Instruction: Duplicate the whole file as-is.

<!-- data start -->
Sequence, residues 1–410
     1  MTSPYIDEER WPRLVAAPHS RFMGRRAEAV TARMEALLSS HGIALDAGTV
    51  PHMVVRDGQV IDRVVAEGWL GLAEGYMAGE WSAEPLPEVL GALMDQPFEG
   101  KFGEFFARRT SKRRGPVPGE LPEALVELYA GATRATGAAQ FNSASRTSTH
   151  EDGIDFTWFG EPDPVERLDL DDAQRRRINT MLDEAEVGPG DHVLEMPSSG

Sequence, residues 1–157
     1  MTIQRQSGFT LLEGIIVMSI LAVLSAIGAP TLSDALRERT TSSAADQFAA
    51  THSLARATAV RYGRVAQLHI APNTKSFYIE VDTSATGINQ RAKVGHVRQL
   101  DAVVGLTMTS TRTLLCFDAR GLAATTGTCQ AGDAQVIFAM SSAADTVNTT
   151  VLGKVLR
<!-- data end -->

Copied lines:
Sequence, residues 1–410
     1  MTSPYIDEER WPRLVAAPHS RFMGRRAEAV TARMEALLSS HGIALDAGTV
    51  PHMVVRDGQV IDRVVAEGWL GLAEGYMAGE WSAEPLPEVL GALMDQPFEG
   101  KFGEFFARRT SKRRGPVPGE LPEALVELYA GATRATGAAQ FNSASRTSTH
   151  EDGIDFTWFG EPDPVERLDL DDAQRRRINT MLDEAEVGPG DHVLEMPSSG

Sequence, residues 1–157
     1  MTIQRQSGFT LLEGIIVMSI LAVLSAIGAP TLSDALRERT TSSAADQFAA
    51  THSLARATAV RYGRVAQLHI APNTKSFYIE VDTSATGINQ RAKVGHVRQL
   101  DAVVGLTMTS TRTLLCFDAR GLAATTGTCQ AGDAQVIFAM SSAADTVNTT
   151  VLGKVLR